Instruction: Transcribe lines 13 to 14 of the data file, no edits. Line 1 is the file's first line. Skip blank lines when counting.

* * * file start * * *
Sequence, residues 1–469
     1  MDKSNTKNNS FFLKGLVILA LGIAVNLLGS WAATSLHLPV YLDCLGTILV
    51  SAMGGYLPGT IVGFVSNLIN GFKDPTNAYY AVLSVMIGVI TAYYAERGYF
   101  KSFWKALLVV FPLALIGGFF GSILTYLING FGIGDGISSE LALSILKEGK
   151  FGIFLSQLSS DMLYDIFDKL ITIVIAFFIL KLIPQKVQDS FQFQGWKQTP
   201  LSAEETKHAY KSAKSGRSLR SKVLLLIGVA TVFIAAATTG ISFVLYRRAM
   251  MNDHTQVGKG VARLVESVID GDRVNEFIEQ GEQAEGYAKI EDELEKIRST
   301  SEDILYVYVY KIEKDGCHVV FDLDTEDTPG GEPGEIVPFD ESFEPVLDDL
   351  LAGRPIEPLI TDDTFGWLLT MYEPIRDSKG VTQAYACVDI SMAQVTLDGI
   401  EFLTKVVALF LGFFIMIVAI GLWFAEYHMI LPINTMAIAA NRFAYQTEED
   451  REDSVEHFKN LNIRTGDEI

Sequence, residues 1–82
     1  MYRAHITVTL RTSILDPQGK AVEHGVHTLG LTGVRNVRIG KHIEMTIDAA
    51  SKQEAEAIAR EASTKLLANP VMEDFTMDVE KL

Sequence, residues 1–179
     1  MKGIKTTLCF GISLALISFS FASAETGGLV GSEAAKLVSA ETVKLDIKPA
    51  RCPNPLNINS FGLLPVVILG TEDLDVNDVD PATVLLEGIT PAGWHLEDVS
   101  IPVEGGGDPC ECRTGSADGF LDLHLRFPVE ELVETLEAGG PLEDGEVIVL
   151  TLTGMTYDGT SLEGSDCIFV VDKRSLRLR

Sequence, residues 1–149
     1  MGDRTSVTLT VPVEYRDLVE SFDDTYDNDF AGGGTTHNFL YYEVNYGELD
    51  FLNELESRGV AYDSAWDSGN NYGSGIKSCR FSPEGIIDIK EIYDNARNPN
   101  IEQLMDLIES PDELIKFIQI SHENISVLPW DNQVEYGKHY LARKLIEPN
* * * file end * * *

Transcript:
     1  MYRAHITVTL RTSILDPQGK AVEHGVHTLG LTGVRNVRIG KHIEMTIDAA
    51  SKQEAEAIAR EASTKLLANP VMEDFTMDVE KL